380. The feasibility of examining cardiovascular event rates with different add-on therapies to metformin for type 2 diabetes mellitus using primary care data through benchmarking results against randomised controlled trials.
- Principal Investigator: Manuj Sharma
- 1 February 2018 to 30 September 2018
- Project No: 380
- Funding round: FR 13
Feasibility of using primary care data to examine cardiovascular events rates with different add-on therapies to metformin
Metformin is the recommended treatment for newly diagnosed patients with type 2 diabetes mellitus (T2DM). However, when metformin alone is insufficient, there are many different options a clinician could add-on to manage the T2DM, making decisions challenging. Examples of add-on treatments include sulphonylureas, DPP-4 inhibitors, GLP-1 analogues, SGLT-2 inhibitors and thiazolidinediones.
There are several factors a clinician would ideally assess before prescribing these add-on treatments to metformin such as the risk of developing serious heart problems. The risk of heart problems such as heart attacks is always increased following a diagnosis of T2DM and clinicians want to know if different treatment choices might affect this risk further. Though clinical trials have been undertaken for some of these treatments to examine this risk, for others this is not yet the case. Furthermore, it is sometimes found that participants of clinical trials have different characteristics to those seen in clinical practice. Therefore, clinical trial results may not necessarily apply in a “real world” setting.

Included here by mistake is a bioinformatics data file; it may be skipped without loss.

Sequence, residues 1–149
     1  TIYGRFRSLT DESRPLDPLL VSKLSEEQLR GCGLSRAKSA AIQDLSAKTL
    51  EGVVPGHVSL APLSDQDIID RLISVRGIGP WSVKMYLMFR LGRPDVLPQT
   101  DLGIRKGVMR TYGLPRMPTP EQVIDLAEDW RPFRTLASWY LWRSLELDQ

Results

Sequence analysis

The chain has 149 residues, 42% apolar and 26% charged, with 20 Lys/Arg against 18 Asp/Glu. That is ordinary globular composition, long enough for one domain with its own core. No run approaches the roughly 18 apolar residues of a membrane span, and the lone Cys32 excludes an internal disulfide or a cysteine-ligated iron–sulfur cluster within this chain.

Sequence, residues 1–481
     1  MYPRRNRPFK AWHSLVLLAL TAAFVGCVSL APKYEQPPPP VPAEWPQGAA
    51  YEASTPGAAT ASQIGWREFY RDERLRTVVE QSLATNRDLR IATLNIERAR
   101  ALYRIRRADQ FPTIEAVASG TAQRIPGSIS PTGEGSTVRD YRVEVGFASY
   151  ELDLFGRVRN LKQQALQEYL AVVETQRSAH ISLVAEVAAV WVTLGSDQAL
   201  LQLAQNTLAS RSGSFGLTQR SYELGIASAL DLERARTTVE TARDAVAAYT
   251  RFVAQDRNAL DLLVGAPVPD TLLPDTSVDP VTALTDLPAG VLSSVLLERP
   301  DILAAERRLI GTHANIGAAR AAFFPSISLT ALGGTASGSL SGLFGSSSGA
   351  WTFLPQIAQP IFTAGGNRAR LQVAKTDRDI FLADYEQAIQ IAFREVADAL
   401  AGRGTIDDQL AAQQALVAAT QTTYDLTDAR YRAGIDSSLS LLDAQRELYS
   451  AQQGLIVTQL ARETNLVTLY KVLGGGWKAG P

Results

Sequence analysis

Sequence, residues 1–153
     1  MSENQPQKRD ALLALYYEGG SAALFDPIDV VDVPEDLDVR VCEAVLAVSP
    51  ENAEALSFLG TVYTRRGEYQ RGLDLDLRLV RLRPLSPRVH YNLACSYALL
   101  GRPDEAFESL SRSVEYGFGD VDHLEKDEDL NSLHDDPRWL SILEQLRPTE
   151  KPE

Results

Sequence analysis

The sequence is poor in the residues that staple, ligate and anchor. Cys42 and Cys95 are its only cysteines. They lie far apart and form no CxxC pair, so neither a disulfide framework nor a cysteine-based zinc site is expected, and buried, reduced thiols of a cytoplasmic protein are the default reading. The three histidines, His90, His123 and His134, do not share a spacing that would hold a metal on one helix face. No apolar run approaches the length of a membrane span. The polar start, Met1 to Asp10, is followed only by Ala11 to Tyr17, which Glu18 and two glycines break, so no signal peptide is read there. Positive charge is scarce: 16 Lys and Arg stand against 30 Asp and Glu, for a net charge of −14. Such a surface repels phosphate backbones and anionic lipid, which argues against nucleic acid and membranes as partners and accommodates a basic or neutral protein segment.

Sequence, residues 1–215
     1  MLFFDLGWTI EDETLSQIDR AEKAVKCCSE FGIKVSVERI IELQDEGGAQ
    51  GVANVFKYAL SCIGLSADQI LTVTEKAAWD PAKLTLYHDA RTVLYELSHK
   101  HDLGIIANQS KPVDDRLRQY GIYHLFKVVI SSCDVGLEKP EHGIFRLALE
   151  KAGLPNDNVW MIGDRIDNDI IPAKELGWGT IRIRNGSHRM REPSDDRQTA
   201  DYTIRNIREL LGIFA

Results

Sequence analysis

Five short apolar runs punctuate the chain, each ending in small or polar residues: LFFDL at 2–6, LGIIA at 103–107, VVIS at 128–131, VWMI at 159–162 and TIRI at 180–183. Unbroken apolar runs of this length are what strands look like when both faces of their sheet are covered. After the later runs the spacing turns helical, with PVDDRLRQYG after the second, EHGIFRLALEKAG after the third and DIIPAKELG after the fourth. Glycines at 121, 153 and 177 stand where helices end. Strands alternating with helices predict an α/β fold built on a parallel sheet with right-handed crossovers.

This feasibility-study will help towards addressing this gap in knowledge. We will achieve this by identifying patients with T2DM who were prescribed different add-on treatments to metformin between 2007-2017 from a UK database containing anonymised healthcare records. We will determine the characteristics of the patients such as their age, gender and medical conditions at the point the add-on treatment was started. We will compare these characteristics to participant characteristics from clinical trials undertaken to identify differences. Finally, we will determine if it is possible to compare the rate of occurrence of serious heart problems in the “real world” group to the clinical trials for each treatment. Our findings will identify any limitations with the clinical trials and whether “real world” studies could help inform clinicians on risk of developing heart problems with different add-on treatments in the future.
Amount awarded: £31,069